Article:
Even Elizabeth Warren Gets Harassed By Debt Collectors — And It’s About To Get Worse For Everyone

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BY: Ryan Grim 06.01.17

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The calls started two or three months after Elizabeth Warren got a new cellphone number many years ago. They were looking for Gus.

“I’d get them in spurts. I’d get maybe 10 calls in the space of three or four days. And I’d say ‘no, no, no’ every time. And then I wouldn’t hear anything more for several months and I’d say, ‘OK, that problem’s gone away,’” Warren said in an interview with The Intercept.

“And then it would start again — and I’d get calls for Gus.”

Even Washington’s most powerful denizens aren’t immune from the signature annoyance purveyed by the multibillion-dollar debt collection industry — and it could be about to get worse. President Trump’s Federal Communications Commission is fielding petitions from industry groups to allow them to increase the frequency of such calls, and to reach out to friends and family of Gus, too. The current FCC commissioner, Ajit Pai, has previously voted against efforts to limit debt collection calls.

Warren, a senator from Massachusetts, made her name as an academic through her work on bankruptcy and later went on to dream up, then push through Congress, then run the Consumer Financial Protection Bureau. Despite her steady rise to influence and power, she couldn’t make the calls stop.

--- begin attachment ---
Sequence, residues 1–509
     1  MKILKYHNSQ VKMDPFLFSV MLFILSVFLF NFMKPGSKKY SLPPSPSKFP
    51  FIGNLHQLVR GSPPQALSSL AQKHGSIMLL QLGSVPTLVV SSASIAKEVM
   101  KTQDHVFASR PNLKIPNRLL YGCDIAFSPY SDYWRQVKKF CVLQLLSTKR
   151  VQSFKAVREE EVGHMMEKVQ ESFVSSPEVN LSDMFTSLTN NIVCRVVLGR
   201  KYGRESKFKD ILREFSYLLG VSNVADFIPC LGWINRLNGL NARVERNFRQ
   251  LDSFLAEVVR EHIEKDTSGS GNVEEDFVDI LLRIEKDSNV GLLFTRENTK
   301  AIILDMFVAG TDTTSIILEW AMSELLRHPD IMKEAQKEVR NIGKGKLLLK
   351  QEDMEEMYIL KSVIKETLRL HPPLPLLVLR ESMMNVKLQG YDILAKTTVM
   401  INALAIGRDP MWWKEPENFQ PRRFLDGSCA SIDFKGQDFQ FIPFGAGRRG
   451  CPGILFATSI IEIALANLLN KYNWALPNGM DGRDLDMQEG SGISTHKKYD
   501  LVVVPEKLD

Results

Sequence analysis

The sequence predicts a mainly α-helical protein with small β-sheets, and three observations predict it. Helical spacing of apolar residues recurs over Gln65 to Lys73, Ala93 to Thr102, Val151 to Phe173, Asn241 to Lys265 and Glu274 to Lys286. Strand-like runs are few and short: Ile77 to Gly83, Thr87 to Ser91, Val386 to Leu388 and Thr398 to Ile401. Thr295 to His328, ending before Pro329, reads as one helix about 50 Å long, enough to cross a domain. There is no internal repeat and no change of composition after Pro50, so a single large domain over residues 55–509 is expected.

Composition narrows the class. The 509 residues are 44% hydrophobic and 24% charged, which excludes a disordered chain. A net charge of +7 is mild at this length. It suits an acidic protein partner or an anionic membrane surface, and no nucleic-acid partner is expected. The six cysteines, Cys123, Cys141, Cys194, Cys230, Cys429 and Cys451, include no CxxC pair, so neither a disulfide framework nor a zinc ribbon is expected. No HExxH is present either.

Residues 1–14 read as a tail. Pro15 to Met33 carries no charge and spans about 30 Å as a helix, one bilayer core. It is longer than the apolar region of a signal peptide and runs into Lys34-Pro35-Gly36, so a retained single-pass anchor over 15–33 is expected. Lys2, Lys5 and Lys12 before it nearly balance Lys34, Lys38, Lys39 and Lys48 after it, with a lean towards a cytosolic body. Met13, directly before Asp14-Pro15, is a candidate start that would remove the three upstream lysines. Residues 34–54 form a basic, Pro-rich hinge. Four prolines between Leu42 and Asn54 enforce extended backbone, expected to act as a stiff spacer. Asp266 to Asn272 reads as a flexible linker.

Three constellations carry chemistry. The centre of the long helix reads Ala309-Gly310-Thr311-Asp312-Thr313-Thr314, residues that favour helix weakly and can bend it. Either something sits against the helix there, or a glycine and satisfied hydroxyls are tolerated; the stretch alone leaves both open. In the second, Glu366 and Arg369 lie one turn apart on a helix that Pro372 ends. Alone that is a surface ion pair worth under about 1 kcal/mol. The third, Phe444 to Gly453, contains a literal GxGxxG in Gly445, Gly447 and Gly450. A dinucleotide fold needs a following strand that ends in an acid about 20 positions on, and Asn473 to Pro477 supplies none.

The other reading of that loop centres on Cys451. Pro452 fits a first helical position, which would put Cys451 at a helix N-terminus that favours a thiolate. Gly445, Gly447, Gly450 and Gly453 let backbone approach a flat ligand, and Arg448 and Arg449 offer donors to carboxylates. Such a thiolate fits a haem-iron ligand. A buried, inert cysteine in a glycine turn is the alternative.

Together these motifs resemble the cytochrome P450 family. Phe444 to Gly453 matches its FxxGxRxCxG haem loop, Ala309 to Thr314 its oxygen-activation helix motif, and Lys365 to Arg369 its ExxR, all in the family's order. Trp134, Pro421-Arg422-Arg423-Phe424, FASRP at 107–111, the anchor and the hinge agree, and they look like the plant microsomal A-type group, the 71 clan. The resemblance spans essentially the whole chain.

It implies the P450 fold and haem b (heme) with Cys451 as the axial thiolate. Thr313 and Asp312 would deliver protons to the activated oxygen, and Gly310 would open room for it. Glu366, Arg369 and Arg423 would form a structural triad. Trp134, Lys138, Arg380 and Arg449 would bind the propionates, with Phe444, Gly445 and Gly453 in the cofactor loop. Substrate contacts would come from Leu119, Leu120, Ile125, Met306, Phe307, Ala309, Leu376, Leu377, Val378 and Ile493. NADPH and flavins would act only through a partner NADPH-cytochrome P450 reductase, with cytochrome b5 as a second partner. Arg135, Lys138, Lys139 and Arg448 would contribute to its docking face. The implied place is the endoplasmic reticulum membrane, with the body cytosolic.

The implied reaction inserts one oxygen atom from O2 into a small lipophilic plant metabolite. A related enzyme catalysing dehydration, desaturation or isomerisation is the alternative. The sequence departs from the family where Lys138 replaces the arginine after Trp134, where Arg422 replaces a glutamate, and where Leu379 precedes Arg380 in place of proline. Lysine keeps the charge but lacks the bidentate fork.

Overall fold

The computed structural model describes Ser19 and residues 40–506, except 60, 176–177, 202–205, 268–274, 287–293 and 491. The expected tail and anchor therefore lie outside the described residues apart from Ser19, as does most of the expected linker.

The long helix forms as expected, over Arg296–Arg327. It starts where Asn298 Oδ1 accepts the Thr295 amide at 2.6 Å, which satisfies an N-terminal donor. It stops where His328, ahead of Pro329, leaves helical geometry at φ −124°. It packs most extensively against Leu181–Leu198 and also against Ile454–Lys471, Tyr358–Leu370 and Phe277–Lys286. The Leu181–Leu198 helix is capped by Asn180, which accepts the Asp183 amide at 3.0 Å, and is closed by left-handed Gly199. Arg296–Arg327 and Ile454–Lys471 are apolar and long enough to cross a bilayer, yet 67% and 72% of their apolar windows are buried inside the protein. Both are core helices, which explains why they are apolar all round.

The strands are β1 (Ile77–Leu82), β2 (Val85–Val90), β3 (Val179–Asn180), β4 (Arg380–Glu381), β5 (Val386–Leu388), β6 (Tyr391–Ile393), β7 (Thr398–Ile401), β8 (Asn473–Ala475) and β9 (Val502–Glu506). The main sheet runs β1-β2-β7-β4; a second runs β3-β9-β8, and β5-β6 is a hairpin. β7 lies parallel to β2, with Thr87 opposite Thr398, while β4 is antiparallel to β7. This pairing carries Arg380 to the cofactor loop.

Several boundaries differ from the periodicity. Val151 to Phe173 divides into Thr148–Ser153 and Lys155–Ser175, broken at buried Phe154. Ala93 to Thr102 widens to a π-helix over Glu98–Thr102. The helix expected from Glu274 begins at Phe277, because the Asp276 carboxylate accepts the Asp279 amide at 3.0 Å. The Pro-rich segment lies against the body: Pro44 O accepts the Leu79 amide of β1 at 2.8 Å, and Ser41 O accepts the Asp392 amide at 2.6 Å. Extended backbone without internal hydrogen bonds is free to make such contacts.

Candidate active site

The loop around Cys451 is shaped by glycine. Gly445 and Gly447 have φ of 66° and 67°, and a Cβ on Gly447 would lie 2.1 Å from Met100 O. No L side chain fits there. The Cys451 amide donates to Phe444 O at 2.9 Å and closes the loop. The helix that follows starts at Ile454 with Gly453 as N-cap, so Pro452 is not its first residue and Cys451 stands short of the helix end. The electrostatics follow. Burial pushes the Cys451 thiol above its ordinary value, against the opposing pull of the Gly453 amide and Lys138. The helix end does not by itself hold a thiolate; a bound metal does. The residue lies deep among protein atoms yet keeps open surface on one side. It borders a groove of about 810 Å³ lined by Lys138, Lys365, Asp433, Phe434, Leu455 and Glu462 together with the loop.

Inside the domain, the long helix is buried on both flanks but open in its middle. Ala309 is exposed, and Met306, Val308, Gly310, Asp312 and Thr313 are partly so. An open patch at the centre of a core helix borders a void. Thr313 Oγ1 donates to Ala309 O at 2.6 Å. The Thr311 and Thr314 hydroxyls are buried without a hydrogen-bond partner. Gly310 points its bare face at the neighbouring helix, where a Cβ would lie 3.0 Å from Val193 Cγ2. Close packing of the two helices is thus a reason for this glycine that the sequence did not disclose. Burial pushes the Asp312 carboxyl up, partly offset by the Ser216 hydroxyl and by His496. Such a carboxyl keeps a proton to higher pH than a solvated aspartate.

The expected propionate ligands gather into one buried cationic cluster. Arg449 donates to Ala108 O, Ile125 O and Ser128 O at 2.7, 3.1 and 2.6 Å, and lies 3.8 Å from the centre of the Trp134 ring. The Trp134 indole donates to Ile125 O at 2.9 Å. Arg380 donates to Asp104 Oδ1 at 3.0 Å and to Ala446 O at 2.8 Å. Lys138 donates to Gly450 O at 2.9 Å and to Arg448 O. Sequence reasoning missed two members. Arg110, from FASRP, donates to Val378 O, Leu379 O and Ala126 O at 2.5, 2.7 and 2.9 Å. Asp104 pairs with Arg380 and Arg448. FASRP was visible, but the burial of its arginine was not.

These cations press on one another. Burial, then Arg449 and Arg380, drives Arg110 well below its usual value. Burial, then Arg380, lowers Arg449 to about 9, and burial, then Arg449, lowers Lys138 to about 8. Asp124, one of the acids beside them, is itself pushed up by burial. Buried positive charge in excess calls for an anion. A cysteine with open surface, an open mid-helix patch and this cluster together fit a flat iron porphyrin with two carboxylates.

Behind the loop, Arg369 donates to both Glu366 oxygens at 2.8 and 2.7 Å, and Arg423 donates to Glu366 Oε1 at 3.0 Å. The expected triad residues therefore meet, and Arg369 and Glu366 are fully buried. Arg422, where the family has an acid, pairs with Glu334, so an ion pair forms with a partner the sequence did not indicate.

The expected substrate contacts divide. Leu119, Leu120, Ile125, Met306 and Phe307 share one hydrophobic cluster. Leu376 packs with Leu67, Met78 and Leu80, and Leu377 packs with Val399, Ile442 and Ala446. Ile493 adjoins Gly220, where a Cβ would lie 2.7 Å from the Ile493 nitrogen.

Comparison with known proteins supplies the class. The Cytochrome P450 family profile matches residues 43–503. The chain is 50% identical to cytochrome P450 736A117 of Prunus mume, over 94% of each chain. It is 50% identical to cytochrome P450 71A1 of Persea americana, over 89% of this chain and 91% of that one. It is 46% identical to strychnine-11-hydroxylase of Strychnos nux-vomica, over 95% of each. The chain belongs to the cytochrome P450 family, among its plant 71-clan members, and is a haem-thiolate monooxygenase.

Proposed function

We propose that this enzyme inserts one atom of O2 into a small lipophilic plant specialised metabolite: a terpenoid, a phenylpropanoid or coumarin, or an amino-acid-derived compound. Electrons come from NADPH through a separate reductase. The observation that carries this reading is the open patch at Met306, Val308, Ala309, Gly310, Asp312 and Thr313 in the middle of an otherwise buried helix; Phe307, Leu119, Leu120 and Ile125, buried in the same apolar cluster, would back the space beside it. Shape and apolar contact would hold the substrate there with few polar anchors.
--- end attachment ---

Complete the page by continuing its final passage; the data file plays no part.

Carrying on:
“This went on for maybe four or five years [before] I finally thought, I’m gonna track this down and make this stop,” the former Harvard law professor said. “So I tried — and I could never figure out who I was talking to and each time they’d assure me it was going to be fixed. And each time I’d get another collection call within the space of a few hours.”

Warren never played the senatorial card — What good would it do? — but she did try a few different approaches, she said. “I told them I was a lawyer and that I did debt collection law and that they could not still be calling on a debt that was this old. And I would try to throw out a few legal phrases and they did absolutely no good. Zero, none,” she said.

The calls weren’t all intimidating or rude, she said. “Some of them called and were very friendly. ‘Hey, Gus! How’s it going?’ And I’d say, ‘I’m not Gus.’ ‘Yeah, well, Gus — When’s Gus gonna be there?’ And I’d say, ‘Gus has not had this number for six years at least.’ And the answer was, ‘Ah, Gus, my man!’” she said.